Saccharin is an artificial sweetener. The basic substance, benzoic sulfilimine, has effectively no food energy and is much sweeter than sucrose, but has a bitter or metallic aftertaste, especially at high concentrations. It is used to sweeten products such as drinks, candies, cookies, medicines, and toothpaste. Saccharin derives its name from the word saccharine, meaning of, relating to, or resembling that of sugar. Saccharin is unstable when heated but it does not react chemically with other food ingredients. As such, it stores well. Blends of saccharin with other sweeteners are often used to compensate for each sweetener's weaknesses and faults.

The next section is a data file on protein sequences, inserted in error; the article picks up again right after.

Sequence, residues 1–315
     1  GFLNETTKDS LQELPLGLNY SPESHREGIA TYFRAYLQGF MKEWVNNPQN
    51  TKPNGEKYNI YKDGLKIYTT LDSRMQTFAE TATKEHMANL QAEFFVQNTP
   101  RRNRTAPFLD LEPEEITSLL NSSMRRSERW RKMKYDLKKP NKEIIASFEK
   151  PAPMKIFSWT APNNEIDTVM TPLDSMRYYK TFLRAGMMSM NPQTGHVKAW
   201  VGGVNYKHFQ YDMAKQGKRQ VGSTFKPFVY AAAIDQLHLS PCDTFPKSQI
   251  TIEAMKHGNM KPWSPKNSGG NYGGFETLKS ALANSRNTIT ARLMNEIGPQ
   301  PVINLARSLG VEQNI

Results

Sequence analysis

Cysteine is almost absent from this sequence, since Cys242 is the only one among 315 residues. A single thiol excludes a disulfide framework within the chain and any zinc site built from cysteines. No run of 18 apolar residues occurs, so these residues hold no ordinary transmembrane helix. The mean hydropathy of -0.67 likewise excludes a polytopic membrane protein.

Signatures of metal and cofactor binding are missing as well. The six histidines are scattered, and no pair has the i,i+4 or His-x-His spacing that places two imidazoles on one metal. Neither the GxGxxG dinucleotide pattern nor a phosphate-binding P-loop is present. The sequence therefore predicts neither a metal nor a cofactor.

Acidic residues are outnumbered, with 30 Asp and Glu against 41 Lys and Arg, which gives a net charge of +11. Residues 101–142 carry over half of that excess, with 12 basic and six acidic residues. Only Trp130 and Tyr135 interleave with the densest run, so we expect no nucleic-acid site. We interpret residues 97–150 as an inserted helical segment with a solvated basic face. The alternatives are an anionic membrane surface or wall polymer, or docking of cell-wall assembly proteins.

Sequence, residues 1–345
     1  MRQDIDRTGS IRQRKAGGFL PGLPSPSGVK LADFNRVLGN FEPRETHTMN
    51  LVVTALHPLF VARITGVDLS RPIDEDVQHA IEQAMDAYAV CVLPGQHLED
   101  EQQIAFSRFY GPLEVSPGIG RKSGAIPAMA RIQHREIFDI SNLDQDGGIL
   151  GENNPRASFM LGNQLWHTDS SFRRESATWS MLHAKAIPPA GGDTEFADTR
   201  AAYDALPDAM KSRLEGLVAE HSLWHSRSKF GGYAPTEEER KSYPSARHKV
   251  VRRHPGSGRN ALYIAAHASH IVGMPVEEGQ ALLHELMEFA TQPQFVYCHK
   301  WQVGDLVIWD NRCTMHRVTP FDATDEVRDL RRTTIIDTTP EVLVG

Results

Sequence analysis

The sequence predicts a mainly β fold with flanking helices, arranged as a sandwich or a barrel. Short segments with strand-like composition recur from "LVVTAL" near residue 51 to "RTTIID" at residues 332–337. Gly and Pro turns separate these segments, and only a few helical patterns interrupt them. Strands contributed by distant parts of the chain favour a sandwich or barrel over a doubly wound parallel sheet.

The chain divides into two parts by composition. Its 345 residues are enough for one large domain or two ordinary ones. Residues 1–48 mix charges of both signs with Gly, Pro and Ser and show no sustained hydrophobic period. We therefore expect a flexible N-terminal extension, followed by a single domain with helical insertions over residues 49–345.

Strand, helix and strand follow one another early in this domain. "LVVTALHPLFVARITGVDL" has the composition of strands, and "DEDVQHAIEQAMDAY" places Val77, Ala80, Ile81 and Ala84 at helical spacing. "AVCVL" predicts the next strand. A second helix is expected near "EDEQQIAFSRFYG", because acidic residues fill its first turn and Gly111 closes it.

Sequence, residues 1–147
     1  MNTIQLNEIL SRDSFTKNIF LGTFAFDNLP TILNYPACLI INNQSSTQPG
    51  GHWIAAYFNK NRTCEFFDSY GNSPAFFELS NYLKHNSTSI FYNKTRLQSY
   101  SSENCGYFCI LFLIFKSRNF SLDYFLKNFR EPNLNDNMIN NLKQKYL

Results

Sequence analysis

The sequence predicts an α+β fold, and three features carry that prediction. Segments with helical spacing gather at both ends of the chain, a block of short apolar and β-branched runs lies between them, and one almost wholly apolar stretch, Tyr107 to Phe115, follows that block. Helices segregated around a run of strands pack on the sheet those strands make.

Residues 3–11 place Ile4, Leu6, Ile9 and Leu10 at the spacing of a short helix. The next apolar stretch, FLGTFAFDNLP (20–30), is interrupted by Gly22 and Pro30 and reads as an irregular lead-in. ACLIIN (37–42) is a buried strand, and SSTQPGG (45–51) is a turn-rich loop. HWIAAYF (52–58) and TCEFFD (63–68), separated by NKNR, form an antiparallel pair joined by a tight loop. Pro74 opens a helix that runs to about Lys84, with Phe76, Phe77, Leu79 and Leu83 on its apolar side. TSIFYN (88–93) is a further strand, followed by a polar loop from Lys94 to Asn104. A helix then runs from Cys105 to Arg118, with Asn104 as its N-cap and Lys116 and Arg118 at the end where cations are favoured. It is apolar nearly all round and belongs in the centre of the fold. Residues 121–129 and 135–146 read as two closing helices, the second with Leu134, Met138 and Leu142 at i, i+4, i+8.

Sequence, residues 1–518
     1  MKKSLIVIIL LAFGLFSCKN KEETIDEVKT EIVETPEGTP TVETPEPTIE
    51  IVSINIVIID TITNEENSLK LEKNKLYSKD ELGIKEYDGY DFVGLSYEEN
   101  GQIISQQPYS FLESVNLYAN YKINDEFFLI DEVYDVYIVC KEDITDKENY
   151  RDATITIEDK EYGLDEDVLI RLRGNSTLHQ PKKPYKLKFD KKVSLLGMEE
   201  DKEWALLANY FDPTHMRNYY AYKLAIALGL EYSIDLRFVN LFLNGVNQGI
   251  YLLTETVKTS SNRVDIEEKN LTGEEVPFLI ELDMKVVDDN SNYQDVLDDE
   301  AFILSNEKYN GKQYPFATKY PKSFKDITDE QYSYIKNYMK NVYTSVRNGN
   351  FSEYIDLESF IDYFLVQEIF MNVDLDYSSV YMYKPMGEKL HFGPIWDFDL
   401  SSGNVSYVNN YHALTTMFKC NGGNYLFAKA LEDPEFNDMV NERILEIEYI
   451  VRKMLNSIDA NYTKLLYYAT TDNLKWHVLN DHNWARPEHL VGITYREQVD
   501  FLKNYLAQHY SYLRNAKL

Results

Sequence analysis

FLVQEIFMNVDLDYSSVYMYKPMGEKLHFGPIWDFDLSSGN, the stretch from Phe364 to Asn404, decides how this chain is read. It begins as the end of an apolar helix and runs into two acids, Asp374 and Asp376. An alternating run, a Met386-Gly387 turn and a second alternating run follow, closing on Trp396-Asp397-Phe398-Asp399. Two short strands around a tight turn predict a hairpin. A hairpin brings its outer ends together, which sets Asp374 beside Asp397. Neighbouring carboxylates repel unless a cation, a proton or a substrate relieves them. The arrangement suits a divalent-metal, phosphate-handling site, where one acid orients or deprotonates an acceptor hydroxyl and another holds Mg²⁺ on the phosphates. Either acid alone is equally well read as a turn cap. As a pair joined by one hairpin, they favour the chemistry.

Contributions by Edgar181, Stone, and Gershwinrb.